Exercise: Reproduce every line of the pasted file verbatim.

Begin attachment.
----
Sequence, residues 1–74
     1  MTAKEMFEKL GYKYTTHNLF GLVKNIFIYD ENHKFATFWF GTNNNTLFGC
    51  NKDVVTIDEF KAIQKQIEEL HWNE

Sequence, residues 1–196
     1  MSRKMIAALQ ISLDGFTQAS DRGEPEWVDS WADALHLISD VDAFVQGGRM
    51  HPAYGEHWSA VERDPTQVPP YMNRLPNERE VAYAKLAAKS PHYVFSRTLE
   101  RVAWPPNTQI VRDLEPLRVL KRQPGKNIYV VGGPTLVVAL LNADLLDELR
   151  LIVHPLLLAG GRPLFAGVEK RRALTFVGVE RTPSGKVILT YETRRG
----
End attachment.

Sequence, residues 1–74
     1  MTAKEMFEKL GYKYTTHNLF GLVKNIFIYD ENHKFATFWF GTNNNTLFGC
    51  NKDVVTIDEF KAIQKQIEEL HWNE

Sequence, residues 1–196
     1  MSRKMIAALQ ISLDGFTQAS DRGEPEWVDS WADALHLISD VDAFVQGGRM
    51  HPAYGEHWSA VERDPTQVPP YMNRLPNERE VAYAKLAAKS PHYVFSRTLE
   101  RVAWPPNTQI VRDLEPLRVL KRQPGKNIYV VGGPTLVVAL LNADLLDELR
   151  LIVHPLLLAG GRPLFAGVEK RRALTFVGVE RTPSGKVILT YETRRG